The recent outlook from the Office for National Statistics certainly paints a bleak picture for our jobs markets: unemployment creeping up to 4.1% of the working population, and around 700,000 fewer people on payroll compared to March this year. Trade Unions have said ‘redundancy floodgates will open’ once the furlough scheme closes on the 31st October.
Our employment law team are certainly feeling the brunt of all this with the amount of redundancy, settlement and COT3 agreements they are dealing with. Coupled with this, employment tribunal claims are rising as employees are just looking to provide for themselves and their families. Times will continue to be hard whilst the economy struggles and people keep losing their jobs. Redundancy comes with a cost for everyone, employee and employer alike, and does nothing for relationships and good mental health.
Where cost savings are necessary, job losses are not always the answer. There are many other options for Employers to consider that avoid costly redundancy programmes whilst preserving the employment relationships with the people they have often invested in, nurtured, promoted and often become friends with. The financial ramifications of redundancy are painful, but so are the emotional costs.
With a well-structured contract of employment, a good relationship between owners and staff and a great deal of reciprocal trust, then a number of short-term options may in turn be better long-term solutions for everyone:
- Short-time working saves on wages, but also preserves income for the employee at a much higher level than job seekers allowance and unemployment. Employees often like this, and it can ultimately improve productivity. However, it can cause trouble getting them back to full time working, when the need arises.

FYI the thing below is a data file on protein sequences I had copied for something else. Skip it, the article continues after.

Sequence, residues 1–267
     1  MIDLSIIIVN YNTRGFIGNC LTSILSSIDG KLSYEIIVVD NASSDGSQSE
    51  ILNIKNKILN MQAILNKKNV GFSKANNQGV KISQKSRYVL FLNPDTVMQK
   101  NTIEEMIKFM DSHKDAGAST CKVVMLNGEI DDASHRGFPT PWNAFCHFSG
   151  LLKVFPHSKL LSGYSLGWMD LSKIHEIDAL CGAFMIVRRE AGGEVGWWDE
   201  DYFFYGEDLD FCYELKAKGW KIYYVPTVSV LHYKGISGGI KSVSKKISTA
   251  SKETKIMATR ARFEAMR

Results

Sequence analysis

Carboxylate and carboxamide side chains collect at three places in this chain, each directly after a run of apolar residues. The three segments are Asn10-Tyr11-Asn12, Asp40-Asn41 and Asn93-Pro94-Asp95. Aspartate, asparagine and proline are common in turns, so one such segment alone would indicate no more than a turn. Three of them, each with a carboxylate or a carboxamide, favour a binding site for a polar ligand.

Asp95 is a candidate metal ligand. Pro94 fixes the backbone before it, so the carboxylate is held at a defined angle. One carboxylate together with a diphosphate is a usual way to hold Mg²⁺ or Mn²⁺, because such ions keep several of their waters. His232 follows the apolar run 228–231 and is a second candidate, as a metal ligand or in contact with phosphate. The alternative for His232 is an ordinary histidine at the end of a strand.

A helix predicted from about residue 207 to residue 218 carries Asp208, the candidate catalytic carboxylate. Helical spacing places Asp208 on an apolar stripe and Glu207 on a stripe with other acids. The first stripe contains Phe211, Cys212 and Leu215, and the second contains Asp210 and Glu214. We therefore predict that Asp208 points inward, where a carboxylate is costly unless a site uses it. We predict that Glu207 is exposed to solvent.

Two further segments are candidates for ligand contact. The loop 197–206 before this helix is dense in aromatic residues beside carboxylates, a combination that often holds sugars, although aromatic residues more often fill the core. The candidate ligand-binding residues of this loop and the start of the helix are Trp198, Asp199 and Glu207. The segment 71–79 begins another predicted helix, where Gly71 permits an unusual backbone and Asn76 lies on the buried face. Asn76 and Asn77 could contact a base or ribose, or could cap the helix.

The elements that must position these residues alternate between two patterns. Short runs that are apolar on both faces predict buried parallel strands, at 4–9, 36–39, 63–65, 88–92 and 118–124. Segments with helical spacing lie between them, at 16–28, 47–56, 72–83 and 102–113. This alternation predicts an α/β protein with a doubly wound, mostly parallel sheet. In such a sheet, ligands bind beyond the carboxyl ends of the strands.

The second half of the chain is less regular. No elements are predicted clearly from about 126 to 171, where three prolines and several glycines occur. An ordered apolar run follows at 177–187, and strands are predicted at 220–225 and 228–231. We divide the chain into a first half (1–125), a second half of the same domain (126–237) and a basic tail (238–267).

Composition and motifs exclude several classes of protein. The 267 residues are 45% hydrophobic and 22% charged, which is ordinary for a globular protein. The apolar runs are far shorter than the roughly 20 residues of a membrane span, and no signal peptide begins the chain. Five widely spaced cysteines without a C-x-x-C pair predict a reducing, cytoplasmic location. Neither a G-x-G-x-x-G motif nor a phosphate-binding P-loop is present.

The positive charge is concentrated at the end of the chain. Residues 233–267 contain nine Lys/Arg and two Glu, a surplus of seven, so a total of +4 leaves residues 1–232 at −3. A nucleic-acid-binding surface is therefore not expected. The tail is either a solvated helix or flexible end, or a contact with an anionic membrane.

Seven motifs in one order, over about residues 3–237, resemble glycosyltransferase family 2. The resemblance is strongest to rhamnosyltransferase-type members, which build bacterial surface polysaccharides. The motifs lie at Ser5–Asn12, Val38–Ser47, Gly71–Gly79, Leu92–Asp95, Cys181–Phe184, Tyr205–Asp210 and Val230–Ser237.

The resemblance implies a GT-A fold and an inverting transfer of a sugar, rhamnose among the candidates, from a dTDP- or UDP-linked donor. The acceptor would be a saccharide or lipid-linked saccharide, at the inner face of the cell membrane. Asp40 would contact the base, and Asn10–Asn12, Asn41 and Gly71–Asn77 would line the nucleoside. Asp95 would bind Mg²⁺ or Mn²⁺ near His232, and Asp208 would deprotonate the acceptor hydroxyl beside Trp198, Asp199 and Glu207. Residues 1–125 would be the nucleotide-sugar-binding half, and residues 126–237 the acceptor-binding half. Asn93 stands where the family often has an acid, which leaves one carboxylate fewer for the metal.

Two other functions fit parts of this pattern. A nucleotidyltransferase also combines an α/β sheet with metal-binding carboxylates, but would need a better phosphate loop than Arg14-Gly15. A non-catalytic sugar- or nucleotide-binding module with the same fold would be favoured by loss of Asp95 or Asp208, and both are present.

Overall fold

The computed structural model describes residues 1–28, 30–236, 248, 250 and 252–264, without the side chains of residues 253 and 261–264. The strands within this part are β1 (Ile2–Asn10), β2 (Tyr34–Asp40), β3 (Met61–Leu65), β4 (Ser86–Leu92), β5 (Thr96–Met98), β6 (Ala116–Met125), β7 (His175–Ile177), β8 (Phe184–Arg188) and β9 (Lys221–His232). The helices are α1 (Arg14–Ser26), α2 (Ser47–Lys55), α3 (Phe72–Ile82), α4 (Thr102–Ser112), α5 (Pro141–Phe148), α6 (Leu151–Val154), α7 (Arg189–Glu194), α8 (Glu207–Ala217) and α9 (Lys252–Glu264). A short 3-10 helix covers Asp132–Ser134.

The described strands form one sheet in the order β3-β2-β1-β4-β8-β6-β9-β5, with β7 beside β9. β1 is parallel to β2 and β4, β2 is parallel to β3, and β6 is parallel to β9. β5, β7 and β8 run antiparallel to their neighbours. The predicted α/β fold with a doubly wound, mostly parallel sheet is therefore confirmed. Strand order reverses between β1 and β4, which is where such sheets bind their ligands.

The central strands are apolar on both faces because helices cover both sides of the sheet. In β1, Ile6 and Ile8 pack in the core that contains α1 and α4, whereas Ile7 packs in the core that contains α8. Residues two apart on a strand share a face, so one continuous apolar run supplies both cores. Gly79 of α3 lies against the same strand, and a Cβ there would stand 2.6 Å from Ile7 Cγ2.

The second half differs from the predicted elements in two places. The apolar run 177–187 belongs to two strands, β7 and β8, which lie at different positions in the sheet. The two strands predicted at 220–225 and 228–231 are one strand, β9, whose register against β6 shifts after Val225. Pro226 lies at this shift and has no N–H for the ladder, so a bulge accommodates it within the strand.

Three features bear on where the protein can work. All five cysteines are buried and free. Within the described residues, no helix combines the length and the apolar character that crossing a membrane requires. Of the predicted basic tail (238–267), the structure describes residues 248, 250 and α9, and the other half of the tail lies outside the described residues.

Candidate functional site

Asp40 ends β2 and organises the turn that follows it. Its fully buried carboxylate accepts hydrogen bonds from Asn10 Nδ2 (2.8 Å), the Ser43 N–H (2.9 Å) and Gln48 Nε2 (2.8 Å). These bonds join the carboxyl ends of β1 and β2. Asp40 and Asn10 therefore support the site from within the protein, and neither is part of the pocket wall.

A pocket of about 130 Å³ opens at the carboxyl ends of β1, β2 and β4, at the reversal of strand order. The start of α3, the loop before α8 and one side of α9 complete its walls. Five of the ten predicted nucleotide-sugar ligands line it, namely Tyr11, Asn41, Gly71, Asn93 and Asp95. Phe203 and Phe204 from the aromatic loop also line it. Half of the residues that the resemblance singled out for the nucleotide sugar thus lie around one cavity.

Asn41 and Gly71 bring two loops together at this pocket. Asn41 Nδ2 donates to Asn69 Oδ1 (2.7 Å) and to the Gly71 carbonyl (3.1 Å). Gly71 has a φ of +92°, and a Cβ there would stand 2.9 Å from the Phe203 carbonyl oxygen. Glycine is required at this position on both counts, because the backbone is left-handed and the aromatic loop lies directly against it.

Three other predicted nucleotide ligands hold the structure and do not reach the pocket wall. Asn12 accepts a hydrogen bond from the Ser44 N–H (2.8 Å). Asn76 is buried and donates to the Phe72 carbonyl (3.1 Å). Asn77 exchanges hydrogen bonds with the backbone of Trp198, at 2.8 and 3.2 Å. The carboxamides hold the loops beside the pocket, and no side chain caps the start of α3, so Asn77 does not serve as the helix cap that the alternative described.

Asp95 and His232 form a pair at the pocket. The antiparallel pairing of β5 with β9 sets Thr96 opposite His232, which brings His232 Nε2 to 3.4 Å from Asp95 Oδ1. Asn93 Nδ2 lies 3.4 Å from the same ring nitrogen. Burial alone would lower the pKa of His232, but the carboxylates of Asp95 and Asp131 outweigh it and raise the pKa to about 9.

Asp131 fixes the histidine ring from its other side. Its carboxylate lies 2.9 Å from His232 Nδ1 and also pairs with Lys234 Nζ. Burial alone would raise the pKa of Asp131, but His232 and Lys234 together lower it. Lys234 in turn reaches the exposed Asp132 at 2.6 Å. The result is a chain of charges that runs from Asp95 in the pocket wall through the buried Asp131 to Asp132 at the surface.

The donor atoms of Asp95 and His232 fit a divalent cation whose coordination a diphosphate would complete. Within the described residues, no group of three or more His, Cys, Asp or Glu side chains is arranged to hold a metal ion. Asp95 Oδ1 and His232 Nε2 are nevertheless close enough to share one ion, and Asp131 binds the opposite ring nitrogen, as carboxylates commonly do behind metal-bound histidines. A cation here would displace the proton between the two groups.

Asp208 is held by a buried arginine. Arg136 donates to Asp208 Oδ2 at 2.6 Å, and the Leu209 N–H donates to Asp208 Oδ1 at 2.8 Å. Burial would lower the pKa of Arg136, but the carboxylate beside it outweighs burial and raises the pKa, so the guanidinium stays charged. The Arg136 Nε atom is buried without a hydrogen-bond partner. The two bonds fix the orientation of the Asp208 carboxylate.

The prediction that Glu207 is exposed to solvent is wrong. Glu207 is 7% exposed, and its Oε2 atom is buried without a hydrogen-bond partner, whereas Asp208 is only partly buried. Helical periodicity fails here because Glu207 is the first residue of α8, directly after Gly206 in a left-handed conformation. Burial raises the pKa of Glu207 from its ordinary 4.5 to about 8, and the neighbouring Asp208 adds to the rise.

- Sabbaticals give the employer and employee a great opportunity to maintain an employment connection, while affording monetary, wellbeing and aspirational flexibility for both parties.
- Deferred bonuses and pay increases and possibly reducing pension contributions (if you can) are other options. These may be a temporary step, and if communicated in the right manner then employees are likely to accept these steps, as opposed to redundancy.
- Need to recruit, then go ahead! There is no better time given the amount of people looking for work. Just think about how you do this. Free jobsites can often help.
- Secondments to associated business who are in need of human skills can be looked upon either on a temporary or permanent basis.
- Look at your working arrangements, can you increase home working and so reduce workspace costs, transport allowances, environmental impacts and utility bills? If this is an option, even if it’s only for part of the workforce, then consider arrangements for IT, meetings and communications by getting a home working policy drawn up.
- Redundancy may still be necessary, so first enquire about anyone who would take voluntary terms. You never know, this might be a win-win situation that could overcome the need for stressful compulsory job losses.
It’s truly worth spending some time to consider if compulsory redundancies can be overcome. The costs are both financial and emotional for everyone involved.
The Government recognises that there is a rocky road ahead, and have pledged to pay employers a £1,000 bonus for each employee who remain in employment, if they have been furloughed this year and are still on payroll come the end of January 2021. If any of the above strategies work for you, then the bonus is a nice additional incentive.
Our Employment Law team understand these situations, given most of them have been Employers, Directors, and Managers in the past. Let them guide and help you through these difficult times, by calling them on 03456 122 144. We know they can reduce stress, and save money. Believe me, we have been through these same thoughts.